clock menu more-arrow no yes mobile

Filed under:

Bulls Bounce Back In Philly

Chicago didn't play that particularly well tonight, but they got the job done against the Sixers.

Bill Streicher-USA TODAY Sports

Monday night's game in Philadelphia didn't do all that much to ease the early season concerns surrounding the Bulls. Much of the offensive and defensive issues that have marred Chicago thus far reared their ugly head(s) once more against a lowly Sixers squad. But the Bulls did what they needed to do and took care of business in end.

Prior to the game tipping off it appeared as though Fred Hoiberg was going to run with the often-maligned Joakim Noah and Pau Gasol duo. However, Noah apparently tweaked something in his surgically repaired left knee (also the one he awkwardly fell on in Denver during preseason) during warmups and sat due to "knee soreness." How serious it is, is unknown as of now, but it's definitely a subject to keep an eye on.

The game began in a back and forth affair, with the Sixers scoring 10 of their first 12 points in the paint or at the free throw line. After two quick fouls on Doug McDermott, who was guarding Jerami Grant, Tony Snell entered and thus the Bulls proceeded to go on a 20-4 run in four minutes to put themselves up 15.


(In a perfect world R. Kelly's 'I Believe I Can Fly' is playing while this happens.)

And ever so promptly, once the full bench unit came in, through the end of the first quarter into the start of the second, gave up their very own 20-4 run to Philly. During said run, which featured the Sixers grab a brief lead, the Bulls went 1-17 from the field. Sound familiar? Although once the starters came back in, the Bulls went on a 15-3 run sparked by Derrick Rose and Gasol, ending the half up nine, 52-43.

In the third quarter Rose took over, controlling the offensive side of things as the Bulls continued to extend their lead. Chicago ended the quarter up 14, 76-62, and eventually put things away once the fourth quarter started, winning in the end 111-88. It wasn't a case of the Bulls playing extremely well, just Chicago having more overall talent in the grand scheme of things, as Cody Westerlund of CBS Chicago so eloquently put it:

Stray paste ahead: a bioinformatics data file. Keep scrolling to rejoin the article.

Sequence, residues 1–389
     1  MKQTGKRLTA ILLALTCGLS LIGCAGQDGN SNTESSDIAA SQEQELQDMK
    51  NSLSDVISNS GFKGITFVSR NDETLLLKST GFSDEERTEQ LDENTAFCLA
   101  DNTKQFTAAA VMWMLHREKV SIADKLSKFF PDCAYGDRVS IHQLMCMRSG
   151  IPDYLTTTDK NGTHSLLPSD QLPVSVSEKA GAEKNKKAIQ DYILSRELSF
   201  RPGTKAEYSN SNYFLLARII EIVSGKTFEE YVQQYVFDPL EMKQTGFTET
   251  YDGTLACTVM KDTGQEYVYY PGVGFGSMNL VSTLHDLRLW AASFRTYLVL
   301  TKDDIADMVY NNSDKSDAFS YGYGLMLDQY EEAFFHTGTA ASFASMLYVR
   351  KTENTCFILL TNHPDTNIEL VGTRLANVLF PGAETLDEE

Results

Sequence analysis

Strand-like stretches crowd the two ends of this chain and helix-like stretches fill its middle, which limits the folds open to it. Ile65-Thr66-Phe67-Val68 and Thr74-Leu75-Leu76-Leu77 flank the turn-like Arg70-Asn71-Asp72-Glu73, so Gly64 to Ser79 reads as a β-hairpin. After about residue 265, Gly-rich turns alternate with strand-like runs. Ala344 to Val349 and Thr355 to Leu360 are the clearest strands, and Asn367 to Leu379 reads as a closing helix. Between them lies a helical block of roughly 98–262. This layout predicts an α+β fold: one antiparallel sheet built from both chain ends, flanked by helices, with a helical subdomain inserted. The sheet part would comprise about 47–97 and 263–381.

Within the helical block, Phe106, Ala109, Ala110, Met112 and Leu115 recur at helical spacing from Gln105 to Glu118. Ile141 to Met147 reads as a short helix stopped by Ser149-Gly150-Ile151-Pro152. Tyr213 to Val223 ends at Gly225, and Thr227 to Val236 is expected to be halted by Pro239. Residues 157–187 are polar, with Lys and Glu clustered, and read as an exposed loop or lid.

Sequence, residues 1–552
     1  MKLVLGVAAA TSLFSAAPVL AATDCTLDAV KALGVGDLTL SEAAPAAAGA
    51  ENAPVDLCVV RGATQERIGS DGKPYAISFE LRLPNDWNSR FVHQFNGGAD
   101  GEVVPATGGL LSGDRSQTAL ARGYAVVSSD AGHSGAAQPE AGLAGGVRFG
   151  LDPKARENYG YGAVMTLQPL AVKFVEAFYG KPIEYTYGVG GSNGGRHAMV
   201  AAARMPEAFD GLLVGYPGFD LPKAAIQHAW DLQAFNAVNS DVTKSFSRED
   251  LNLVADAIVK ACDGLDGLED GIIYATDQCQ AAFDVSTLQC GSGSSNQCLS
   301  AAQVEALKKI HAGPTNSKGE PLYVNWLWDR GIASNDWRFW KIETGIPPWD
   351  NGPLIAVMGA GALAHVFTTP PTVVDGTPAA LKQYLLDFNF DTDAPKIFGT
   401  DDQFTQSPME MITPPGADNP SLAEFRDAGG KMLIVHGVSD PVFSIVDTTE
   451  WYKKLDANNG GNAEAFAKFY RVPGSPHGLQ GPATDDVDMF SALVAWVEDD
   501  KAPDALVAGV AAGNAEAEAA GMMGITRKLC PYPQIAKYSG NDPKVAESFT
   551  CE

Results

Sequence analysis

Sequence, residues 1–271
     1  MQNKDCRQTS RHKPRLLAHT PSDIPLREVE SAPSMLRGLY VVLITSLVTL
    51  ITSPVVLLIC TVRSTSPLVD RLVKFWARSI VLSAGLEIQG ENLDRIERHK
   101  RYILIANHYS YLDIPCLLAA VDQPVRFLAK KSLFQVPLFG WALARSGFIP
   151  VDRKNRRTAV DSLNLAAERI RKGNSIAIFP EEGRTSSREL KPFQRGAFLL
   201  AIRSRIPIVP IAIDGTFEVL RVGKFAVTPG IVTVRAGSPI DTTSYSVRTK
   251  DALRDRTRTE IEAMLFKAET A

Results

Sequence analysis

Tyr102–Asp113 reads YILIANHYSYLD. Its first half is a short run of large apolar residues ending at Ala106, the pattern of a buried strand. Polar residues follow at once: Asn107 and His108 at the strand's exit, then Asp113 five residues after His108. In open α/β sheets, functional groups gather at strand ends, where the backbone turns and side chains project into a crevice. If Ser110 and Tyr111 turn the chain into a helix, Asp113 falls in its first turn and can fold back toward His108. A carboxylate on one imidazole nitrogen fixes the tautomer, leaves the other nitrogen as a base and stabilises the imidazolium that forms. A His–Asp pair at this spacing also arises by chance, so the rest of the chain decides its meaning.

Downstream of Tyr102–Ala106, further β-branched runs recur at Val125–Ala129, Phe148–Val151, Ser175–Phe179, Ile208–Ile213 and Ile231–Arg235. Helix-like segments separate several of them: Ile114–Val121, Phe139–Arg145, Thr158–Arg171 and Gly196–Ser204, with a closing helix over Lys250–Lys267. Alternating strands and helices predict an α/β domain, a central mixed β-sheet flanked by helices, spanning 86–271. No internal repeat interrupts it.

Overall, there were some good things that happened tonight. Rose had an extremely well-played game from an offensive standpoint. He controlled the offense, getting into the lane, in turn collapsing the defense and finding the open shooters. Moreover, his shot selection was fairly good as well, using that pull-up bank shot from 15 feet on multiple possessions. Rose ended the game with 12 points, seven assists, five boards and only two turnovers.

As for Jimmy Butler, he wasn't very assertive in looking for his shot tonight, only taking six field goals total. He did end the game with a +29, six boards and five assists, but you still want him taking more than six shots, no matter who the opponent is on that given night.

Nikola Mirotic missed 18 of his last 19 three's before finally nailing one. Mirotic essentially shot himself out of his funk tonight, which is good and bad at the same time considering his questionable shot selection. He was forcing things quite a bit offensively in the first half and most of the third quarter. Though towards the end of the third, Niko finally got things going from outside and around the rim. Hoisting 28 footers is still an issue for him, but overall Niko ended the night 6-11 from the field, 3-7 from deep, with 20 points and 10 boards.

Other Notes and Thoughts:

- Very rarely does Aaron Brooks look for anyone else's shot but his own. While Fred's offense does cater to his speed and ability to get his own shot, it's almost to a fault too. It's not very often we see Brooks using his advantages in Fred's offense to create for others. Point being, you'd like to see him create for others, not just himself.

- Transition defense continues to be a really big issue for the Bulls. Too many times this season we've seen opposing teams with guys streaking down court with no Bull in sight. There's no reason Chicago shouldn't have at least one person back at all times, it's a simplistic part of basketball.

- Finally, McDermott and Snell are doing exactly what they need to be doing offensively and that's making shots and spreading the floor. McDermott has tied a Bulls record (Kirk Hinrich back in 04-05) for three's through the first eight games of the season, with 19 total. He's shooting 19-33 from deep for 57.6%, while Snell, who's played much better these last couple of games, is shooting 13-27 from deep for 48%.

Chicago has four days off before they get a rematch with the Charlotte Hornets Friday night at 7pm.